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. Last Updated: 07/27/2016

Fischer Takes Russian Experience to Citigroup

If President Vladimir Putin offers you a job, the saying goes, you should probably take it.

But Stanley Fischer didn't -- and Moscow's financial elite hopes Russia will be better off for it.

The reason? Fischer this month was named vice chairman of the United States' largest bank, Citigroup Inc. And it is hoped that having such a prominent expert on the Russian economy working from the commanding heights of global finance will help attract more attention -- and investment -- to the country.

The former first deputy managing director of the International Monetary Fund, Fischer played a key role in Moscow's post-Soviet financial drama: He personally negotiated nearly all of the billions of dollars in loans Russia borrowed from the IMF between 1993 and 1997. He also warned the government in 1998 of the impending financial crisis and consulted on its default plan, announced Aug. 17.

And although there is still much bitterness over the policies of -- and Russia's debt to -- the IMF, Fischer is treated warmly in Moscow. Last year, on his last visit as the fund's No. 2 official, he met with Putin for an hour, and, according to those present, the president was so impressed by Fischer's knowledge of Russia he offered him a job in Moscow.

"We are always glad to see you in our country. If you would like to move from the IMF to Moscow, we can look at various options," Putin said.

Citigroup said last week it was early to grant interviews with Fischer or comment on whether his appointment signaled a more robust interest in Russia.

"He will play an important role in better positioning Citigroup to take advantage of opportunities with governments and corporations in both the developed and emerging markets," the company said in a statement.

Those in Moscow who know Fischer, however, see his new position as a positive development for Russia.

"Fischer's appointment may be a reflection that Citibank is looking very positively at Russia itself," said Martin Gilman, the IMF's chief representative in Russia between 1997 and 2000 and now a professor at Moscow's Higher School of Economics.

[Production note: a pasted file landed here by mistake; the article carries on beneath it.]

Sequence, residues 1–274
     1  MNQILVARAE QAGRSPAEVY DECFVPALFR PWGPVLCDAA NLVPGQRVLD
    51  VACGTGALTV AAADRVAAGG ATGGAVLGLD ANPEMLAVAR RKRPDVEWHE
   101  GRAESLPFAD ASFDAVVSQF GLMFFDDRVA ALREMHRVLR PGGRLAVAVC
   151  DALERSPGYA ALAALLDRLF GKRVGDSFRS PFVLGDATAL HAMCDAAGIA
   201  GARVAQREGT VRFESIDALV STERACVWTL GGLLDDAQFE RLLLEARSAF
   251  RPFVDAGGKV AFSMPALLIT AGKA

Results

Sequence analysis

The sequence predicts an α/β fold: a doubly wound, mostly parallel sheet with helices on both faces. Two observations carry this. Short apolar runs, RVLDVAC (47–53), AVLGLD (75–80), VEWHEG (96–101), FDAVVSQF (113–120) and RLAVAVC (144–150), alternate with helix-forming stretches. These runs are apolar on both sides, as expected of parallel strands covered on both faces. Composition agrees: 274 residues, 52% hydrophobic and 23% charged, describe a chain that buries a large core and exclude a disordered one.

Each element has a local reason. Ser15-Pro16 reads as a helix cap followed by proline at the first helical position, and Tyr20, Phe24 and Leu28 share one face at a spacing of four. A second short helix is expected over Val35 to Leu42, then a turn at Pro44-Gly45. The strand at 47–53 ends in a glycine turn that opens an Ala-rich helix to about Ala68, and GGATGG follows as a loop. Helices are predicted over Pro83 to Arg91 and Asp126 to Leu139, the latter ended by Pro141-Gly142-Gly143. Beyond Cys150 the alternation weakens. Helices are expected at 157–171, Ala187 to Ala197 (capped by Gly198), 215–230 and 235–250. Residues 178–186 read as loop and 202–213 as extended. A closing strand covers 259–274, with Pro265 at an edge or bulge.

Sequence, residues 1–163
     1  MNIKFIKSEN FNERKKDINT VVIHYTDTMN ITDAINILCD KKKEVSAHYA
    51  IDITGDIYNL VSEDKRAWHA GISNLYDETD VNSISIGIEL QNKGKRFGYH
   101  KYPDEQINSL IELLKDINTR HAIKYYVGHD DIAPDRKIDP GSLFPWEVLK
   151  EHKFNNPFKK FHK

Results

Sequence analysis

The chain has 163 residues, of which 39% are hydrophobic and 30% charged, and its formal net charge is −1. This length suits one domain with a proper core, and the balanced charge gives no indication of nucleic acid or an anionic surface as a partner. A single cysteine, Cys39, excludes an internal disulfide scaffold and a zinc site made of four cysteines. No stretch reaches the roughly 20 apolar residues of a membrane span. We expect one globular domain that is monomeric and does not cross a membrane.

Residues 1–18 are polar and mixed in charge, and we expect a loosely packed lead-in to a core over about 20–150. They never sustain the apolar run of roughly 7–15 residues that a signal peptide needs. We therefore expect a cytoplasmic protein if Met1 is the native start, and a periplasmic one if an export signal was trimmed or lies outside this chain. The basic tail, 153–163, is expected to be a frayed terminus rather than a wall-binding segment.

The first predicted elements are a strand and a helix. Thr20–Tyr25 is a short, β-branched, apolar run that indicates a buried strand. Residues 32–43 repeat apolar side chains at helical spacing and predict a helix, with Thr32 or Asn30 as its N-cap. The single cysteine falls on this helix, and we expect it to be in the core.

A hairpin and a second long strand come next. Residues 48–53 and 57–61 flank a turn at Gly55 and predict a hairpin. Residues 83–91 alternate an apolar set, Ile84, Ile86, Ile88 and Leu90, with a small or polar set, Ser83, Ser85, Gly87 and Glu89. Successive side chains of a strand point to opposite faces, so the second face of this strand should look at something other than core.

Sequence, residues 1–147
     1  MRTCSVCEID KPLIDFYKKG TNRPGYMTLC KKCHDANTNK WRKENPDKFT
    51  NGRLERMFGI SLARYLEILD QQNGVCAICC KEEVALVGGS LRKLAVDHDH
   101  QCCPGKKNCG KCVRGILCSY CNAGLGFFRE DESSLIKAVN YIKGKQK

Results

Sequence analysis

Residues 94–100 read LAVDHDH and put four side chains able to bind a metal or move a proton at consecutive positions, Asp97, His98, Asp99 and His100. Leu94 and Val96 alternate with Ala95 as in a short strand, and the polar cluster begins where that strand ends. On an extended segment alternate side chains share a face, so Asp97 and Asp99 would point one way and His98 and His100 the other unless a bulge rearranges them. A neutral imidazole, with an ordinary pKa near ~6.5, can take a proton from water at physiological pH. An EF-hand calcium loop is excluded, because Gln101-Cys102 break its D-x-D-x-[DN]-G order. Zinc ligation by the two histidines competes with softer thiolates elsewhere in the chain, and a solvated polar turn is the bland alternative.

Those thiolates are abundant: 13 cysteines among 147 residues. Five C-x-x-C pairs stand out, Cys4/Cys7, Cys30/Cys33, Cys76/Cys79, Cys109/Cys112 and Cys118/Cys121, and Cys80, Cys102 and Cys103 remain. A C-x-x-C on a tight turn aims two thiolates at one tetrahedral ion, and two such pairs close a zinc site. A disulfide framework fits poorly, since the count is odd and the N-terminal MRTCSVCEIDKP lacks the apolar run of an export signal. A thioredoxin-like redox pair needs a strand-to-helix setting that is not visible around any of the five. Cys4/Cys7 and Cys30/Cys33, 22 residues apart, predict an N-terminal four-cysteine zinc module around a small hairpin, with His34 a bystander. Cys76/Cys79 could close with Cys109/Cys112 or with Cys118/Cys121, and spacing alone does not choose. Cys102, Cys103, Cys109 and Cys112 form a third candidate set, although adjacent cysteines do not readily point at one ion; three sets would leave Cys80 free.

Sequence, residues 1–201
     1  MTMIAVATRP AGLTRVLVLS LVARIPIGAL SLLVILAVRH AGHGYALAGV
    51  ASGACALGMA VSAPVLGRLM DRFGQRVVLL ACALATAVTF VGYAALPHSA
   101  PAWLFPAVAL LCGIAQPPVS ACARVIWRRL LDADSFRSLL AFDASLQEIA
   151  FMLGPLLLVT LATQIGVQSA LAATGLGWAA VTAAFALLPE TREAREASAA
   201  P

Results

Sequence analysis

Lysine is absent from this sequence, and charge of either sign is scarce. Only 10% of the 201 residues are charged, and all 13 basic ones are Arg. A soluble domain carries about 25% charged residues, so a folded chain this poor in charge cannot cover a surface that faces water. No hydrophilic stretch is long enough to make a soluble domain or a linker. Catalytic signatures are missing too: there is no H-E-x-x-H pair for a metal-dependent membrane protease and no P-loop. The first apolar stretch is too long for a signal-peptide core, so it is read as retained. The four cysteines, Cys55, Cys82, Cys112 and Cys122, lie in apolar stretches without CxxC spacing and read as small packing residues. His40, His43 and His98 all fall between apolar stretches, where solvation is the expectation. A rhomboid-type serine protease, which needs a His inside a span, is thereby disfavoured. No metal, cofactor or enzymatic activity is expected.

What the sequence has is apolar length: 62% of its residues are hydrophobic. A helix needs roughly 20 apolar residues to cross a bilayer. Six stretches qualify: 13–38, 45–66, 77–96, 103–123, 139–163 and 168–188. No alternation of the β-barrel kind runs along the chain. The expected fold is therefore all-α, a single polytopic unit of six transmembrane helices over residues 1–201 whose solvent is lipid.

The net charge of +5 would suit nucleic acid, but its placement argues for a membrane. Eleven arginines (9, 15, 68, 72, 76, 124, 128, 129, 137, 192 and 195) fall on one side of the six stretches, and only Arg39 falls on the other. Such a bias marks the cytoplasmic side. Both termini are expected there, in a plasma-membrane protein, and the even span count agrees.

With assets of $1.3 billion as of Oct. 1, Citibank T/O is the largest foreign bank in Russia and 11th overall, according to the Interfax Rating Agency. It also is the leader in lending volumes among foreign banks, with $581 million in outstanding loans to Russian companies.

"Fischer has always had a personal and professional interest in Russia, and just because he went to work for Citigroup does not mean that that will change," said Allan Hirst, Citibank's chief for Russia and the Commonwealth of Independent States. "[Even before] Fischer's appointment, we had decided to increase our activities in Russia, and we plan to launch retail operations sometime later this year," Hirst said.

"Citibank is well-known for its aggressive development in many countries in the world, and Russia's turn will come sooner or later," said Oleg Vyugin, chief economist at Troika Dialog who worked closely with Fischer when he was the Finance Ministry's point man for negotiating with international financial organizations in 1996-99. "When that time comes, Fischer, with his unique knowledge of both developed and emerging economies, will be in the right place to help both Citibank and Russia," he said.

That time may have already come.

Prime Minister Mikhail Kasyanov met with Fischer at the World Economic Forum in New York two weeks ago. The two reportedly discussed Citibank's possible participation in the privatization of Vneshtorgbank.

Fischer is scheduled to return to Moscow to participate in an annual economic conference organized by the Higher School of Economics in April, Gilman said.